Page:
Now these things happened to them as an example, but they were written down for our instruction, on whom the end of the ages has come.
In chapter 9 Paul used himself as an example of a mature Christian who disciplined himself to better serve God. Chapter 10 presents Israel as an example of spiritual immaturity, shown in their overconfidence and lack of self-discipline.
For I do not want you to be unaware, brothers, that our fathers were all under the cloud, and all passed through the sea,
This chapter continues Paul’s argument concerning the lifestyle of the believers and the need for self-discipline, as recorded in chapters 8 and 9. At the end of chapter 9, Paul had described his own self-discipline and had warned about the danger of being “disqualified.”
The Christian life is a struggle, precisely because it is “Christian.” It is a struggle to obey God, face persecution, exercise self-control and self-discipline, and deal with sin in one’s life. When people are “saved,” they grow in their relationship with Christ and want to become more like him.
They will not become perfect in this life, but they desire to work toward holiness. Some of the Corinthian believers thought that because they had professed faith, went to church, and joined in the Lord’s Supper, they could then live as they pleased. But this was a false belief, as Paul would show through the example he used from Israel’s history.
A perfect Old Testament example of believing the false notion that one can be saved and then live a faithless, God-less life can be seen in what happened to the Jews’ ancestors in the wilderness long ago. The book of Exodus contains the record of their miraculous escape from slavery in Egypt by the intervention of God (see Exodus 1–12). God gave them a leader (Moses), set them free (through great miracles), and then guided all of them as they moved out of Egypt and headed toward the land God wanted to give them (the Promised Land). “A cloud” refers to God’s presence in the form of a cloud by day and fire by night (Exodus 13:21–22). Their guide was God himself in a physical form, directly in front of them! When they came to the Red Sea, God brought them all safely through the waters of the sea on dry ground. This event is recorded in Exodus 14.
The emphasis in 10:1–4 is on the word “all,” which Paul used four or five times. Paul was making the point that all of the Israelites experienced the miracles of God’s protection and guidance. Yet, later, so many turned away. Many thought that their place among God’s people assured them the Promised Land. Assuming themselves secure, they refused the life of self-discipline, self-denial, and obedience to God. Because of that, many were “disqualified” from entering the Promised Land.
From the example of his own life (chapter 9) Paul turned to the subject of the Exodus. God’s power in freeing his people from bondage in Egypt provides countless insights into God’s grace and integrity. The people were liberated en masse. Many walked out of slavery physically, but their hearts, minds, and wills remained captive. Freedom from oppression did not lead them to grateful living. Though all benefitted, many nullified those benefits by persistent unbelief.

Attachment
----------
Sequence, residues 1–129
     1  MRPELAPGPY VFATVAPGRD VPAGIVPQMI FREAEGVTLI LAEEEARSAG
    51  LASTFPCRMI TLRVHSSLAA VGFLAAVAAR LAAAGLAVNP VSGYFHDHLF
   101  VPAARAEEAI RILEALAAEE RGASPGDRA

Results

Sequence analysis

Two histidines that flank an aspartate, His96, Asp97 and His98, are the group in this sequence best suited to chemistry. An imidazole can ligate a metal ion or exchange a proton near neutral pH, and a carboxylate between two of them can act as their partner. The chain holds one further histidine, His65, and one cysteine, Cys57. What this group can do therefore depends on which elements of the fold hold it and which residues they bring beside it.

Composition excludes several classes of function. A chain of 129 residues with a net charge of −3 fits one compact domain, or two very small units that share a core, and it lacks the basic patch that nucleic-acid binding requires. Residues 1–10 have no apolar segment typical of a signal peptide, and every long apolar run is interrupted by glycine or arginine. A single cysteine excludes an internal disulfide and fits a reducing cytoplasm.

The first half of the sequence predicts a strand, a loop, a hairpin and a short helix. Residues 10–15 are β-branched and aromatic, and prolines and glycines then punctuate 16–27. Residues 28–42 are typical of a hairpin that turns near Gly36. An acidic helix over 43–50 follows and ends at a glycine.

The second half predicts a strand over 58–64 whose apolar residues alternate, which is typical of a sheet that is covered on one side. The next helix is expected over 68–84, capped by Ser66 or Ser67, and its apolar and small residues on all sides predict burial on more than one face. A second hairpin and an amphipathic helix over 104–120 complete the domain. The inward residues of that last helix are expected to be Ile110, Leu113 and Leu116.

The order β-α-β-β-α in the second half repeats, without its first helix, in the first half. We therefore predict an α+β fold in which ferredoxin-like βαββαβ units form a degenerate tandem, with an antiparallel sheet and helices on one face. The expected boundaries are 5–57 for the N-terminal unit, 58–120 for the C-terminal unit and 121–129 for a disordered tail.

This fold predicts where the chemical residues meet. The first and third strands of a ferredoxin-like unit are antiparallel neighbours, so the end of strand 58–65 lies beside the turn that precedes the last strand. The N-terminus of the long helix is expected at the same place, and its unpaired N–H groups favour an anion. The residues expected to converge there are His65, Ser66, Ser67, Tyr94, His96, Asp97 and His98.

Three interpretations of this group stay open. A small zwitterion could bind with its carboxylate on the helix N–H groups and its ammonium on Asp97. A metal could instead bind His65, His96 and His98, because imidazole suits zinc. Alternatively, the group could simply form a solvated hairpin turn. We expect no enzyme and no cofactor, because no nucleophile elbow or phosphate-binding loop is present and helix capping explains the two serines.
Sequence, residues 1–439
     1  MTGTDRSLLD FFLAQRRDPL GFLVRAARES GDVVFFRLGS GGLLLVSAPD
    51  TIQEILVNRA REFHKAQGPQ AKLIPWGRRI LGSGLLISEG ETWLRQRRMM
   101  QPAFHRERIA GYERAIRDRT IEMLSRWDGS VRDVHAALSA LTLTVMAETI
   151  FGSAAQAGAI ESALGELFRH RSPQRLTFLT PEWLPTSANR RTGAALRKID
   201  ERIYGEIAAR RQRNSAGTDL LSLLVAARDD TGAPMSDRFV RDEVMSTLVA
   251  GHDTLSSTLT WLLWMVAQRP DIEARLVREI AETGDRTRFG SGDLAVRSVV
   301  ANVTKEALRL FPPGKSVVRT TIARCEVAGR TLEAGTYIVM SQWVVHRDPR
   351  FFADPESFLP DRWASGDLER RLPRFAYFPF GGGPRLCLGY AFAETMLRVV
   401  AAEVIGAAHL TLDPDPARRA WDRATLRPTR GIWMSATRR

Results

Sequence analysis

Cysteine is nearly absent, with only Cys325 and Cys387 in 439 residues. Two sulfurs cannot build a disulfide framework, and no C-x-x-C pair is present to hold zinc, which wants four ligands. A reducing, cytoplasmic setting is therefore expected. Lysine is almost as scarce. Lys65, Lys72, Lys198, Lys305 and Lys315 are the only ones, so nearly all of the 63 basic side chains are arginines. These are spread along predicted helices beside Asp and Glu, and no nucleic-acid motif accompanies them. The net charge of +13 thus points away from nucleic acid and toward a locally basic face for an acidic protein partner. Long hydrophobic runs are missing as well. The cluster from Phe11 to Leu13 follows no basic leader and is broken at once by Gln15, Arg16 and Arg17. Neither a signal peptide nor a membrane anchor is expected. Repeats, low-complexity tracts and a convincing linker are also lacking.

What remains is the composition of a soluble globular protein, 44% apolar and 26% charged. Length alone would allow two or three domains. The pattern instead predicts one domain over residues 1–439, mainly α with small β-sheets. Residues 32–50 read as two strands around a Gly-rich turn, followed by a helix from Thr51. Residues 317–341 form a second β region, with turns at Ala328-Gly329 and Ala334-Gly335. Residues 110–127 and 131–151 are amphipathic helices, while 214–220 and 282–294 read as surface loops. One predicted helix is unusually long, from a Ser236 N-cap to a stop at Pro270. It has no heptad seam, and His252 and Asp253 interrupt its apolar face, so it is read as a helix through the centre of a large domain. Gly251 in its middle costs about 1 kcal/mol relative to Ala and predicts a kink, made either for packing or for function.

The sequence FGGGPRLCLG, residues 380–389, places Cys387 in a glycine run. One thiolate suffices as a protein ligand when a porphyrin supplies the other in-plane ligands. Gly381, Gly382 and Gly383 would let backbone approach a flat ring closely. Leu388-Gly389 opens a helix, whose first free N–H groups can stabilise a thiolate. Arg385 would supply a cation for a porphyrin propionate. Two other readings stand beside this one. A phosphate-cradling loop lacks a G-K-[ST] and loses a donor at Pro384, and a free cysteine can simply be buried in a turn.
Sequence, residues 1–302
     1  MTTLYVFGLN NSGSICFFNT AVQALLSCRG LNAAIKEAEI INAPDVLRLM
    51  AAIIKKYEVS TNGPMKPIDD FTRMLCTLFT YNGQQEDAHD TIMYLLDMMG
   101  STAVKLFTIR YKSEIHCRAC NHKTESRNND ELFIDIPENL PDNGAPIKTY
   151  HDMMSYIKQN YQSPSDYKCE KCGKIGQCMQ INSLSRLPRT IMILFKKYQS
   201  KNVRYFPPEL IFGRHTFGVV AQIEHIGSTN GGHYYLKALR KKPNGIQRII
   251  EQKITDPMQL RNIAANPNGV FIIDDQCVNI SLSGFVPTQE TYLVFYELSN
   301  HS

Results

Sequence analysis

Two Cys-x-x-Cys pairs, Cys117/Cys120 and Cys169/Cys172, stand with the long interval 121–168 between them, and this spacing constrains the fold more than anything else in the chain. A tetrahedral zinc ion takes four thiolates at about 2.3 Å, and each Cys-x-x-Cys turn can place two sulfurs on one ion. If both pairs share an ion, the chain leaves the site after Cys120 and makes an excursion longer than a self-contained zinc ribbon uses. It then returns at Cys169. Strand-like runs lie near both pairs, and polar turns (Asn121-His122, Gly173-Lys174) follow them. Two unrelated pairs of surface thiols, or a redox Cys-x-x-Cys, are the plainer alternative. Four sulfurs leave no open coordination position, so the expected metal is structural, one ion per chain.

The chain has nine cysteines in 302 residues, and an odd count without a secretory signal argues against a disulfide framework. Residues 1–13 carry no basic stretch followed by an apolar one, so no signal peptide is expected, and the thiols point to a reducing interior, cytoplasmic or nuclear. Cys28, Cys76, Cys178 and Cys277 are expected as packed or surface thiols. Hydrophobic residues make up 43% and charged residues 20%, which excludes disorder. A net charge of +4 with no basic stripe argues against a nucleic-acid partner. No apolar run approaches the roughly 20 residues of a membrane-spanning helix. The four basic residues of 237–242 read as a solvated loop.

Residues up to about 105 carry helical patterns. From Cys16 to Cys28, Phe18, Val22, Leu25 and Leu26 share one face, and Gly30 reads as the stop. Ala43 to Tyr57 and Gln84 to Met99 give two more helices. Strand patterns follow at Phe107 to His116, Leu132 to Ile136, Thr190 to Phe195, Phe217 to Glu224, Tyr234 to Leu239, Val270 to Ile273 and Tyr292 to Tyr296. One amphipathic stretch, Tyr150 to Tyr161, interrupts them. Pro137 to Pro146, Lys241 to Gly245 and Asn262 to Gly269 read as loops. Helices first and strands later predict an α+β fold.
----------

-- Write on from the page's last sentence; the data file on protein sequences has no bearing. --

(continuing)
Christians today have a marvelous heritage of God’s faithfulness. We also have a lengthy history of human sinfulness. How tragic it is when, through ignorance of the past, we repeat many of the same mistakes that spiritually crippled and limited the spread of the gospel. When we read in God’s Word about the failures of others, do we respond, “That couldn’t happen to me”? If so, we may be falling into the same danger.
2 and all were baptized into Moses in the cloud and in the sea
This verse at first seems very difficult to understand. But it must be understood that “baptism” here is used for comparison, not as an exact equivalent. And “into Moses” is used as being analagous to the Christian experience of being baptized “into Christ” (see Romans 6:3; Galatians 3:27). The Israelites were baptized in that they shared the blessing and gracious deliverance of God with and through Moses’ intervention and leadership. By their experience of passing through the Red Sea, they were united and initiated together under Moses’ leadership. “When the people of Israel saw the mighty power that the Lord had displayed against the Egyptians, they feared the Lord and put their faith in him and his servant Moses” (Exodus 14:31 nlt). The cloud represented God’s presence and glory among them (Exodus 14:19–22), indicating his leadership and protection. The sea represented God’s salvation of his people through the Red Sea as they crossed safely to escape the Egyptians. All of the Israelites experienced this “baptism.” However, the common experience of this baptism did not keep most of them faithful to God in the days that followed.
3 and all ate the same spiritual food, 4 and all drank the same spiritual drink. For they drank from the spiritual Rock that followed them, and the Rock was Christ.
Further miracles sustained the Israelites as they journeyed through the desert. God provided spiritual food in the form of “manna” that came from heaven (Exodus 16:4, 14–31). Paul called it “spiritual” because God had provided it for them. The spiritual drink referred to the water Moses obtained from a rock, again a provision directly from God. Moses got water from a rock both at the beginning and at the end of Israel’s journey (Exodus 17:1–7; Numbers 20:2–13).